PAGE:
As of 2016, there were roughly 11.5 million hunters in the United States. That’s a decline of roughly 2 million hunters since 2011 and a clear indicator that hunter numbers are dwindling. Fewer numbers translate to reduced funding for conservation, and at the current rate of decline hunters could be just a small percentage of the country’s population by 2050.
Those of us who seek to preserve our hunting heritage need to take an active role to help stop this decline. For the last several years, the R3 initiative has prompted sportsmen and women to recruit, retain and reactive other hunters. That process could be as simple as asking a coworker or neighbor if they’d like to hunt with you and serving as their mentor, helping them purchase (or lending them) gear, assisting them with license purchases, showing them areas where they can hunt and joining them in the field. It might also involve asking a hunter who hasn’t been in a few years if they’d like to join you this season. And there’s no better hunt for a new or returning hunter than a small-game hunt.
There’s no question that whitetail deer are the most popular and financially important big-game species in North America. But as popular as whitetail hunting is, it may not be the best place for a new hunter to start. Hunting deer is time consuming and requires early mornings and long hours in a cold treestand.
Small game, by contrast, offers a great opportunity for new or returning hunters to get into the sport. Here are four reasons why you need to pencil in a few days of small-game hunting on your calendar—and why you need to bring a friend.
• Small-Game Hunting is Casual: There’s no need for cover scents or head-to-toe camo when hunting small game. It’s possible to chat and even move around, and there’s no requirement to get up in the wee hours of the morning to go small-game hunting. When I am introducing a new hunter to the sport, I almost always take them rabbit hunting with beagles. The dogs do the work while I explain what’s happening to the rookie hunter, and that time spent chatting helps most people feel more comfortable in the field. Squirrel and dove hunting also offer that same laid-back, easygoing atmosphere.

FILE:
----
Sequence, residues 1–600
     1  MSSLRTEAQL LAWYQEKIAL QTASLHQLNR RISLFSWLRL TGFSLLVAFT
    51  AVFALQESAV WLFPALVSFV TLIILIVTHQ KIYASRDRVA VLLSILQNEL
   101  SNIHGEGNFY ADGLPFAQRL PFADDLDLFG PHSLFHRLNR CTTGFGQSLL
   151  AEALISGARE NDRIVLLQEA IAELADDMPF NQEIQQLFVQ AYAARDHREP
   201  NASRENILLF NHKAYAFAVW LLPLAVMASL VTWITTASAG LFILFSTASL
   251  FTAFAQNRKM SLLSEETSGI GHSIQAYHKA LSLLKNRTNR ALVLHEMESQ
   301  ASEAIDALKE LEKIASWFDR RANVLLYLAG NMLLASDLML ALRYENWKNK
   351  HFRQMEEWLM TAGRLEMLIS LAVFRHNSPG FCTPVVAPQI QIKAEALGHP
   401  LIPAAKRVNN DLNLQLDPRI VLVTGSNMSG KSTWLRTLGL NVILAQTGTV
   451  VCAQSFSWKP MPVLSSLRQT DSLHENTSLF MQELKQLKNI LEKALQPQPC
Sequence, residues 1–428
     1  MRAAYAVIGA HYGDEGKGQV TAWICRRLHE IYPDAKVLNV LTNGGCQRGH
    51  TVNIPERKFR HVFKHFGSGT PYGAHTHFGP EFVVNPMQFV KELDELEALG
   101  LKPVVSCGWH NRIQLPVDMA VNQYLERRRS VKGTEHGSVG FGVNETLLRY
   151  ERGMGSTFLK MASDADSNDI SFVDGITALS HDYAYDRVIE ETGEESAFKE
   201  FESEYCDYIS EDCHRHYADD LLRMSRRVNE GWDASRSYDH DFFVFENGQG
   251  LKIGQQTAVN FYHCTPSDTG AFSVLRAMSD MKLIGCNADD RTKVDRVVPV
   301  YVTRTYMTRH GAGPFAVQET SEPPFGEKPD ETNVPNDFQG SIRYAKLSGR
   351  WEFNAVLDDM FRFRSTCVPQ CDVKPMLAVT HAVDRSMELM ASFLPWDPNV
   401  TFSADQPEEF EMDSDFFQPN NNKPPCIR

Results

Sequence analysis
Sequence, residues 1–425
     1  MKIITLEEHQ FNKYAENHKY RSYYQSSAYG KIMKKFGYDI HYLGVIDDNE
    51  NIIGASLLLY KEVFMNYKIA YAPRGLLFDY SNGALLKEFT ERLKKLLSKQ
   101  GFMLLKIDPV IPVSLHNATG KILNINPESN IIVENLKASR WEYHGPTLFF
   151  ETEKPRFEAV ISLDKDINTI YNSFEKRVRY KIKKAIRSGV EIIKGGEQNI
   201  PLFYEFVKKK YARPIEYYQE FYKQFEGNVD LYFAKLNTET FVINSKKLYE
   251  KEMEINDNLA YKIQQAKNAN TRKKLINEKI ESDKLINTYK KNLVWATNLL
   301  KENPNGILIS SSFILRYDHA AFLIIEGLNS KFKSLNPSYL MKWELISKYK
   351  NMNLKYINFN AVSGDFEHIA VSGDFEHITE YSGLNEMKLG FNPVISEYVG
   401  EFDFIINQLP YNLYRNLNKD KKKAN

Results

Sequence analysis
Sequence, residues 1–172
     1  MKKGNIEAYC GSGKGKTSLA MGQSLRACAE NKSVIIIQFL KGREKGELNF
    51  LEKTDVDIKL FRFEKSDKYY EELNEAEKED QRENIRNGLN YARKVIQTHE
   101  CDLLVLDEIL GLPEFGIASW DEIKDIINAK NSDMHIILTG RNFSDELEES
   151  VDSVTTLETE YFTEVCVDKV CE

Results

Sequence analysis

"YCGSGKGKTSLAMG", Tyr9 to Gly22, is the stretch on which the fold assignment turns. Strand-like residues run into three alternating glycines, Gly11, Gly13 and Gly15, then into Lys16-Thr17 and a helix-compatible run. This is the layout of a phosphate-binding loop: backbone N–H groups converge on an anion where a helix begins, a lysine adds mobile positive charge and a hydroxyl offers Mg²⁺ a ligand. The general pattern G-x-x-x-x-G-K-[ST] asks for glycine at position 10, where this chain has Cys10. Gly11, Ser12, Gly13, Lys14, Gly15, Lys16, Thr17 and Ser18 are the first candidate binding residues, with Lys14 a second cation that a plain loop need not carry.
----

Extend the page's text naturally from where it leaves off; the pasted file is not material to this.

• Minimal Equipment is Required: If you’re new hunting friend has a pair of boots, a coat, a gun and a license, they’re well-equipped to hunt small game, and even if they don’t have that stuff, you can probably lend it to them without breaking the bank. It’s far easier to outfit a second hunter with a spare Carhartt coat and a single-shot .22 than it is to provide them with all the gear they’ll need for a high-mountain elk hunt. No rangefinders, binoculars, spotting scopes, wind meters or technical hunting gear is required, and if your new hunter wants to venture out and buy their own equipment, they can do so without spending a lot of money.
• There’s Lots of Opportunity: Some animals require a tag that may take years to draw, and very few fledgling hunters are interested in taking up a hobby that they may or may not be able to participate in for years. Small-game hunting, by contrast, generally requires nothing more than a hunter safety card and a standard hunting license. And perhaps most importantly, there is a lot of access for new hunters. State wildlife areas that may be crowded during deer season oftentimes offer plenty of opportunity for squirrel, dove and rabbit hunters. This easy access will prompt new hunters to come back again and again. Obtaining access from landowners is oftentimes quite easy when hunting small game, and squirrels and rabbits offer much better opportunities than most big-game hunts.
• Meat Care is Less Complicated: Most new deer hunters are overwhelmed with the process of field dressing or quartering a deer. Small game, on the other hand, is very easy to care for. It’s possible for anyone with a reasonably sharp knife and some basic skills to dress and clean a rabbit or squirrel in a matter of minutes, and there are plenty of easy recipes for small game (rabbit makes an excellent replacement for chicken in many popular dishes). There’s no need to take it to a butcher and pay processing fees, either.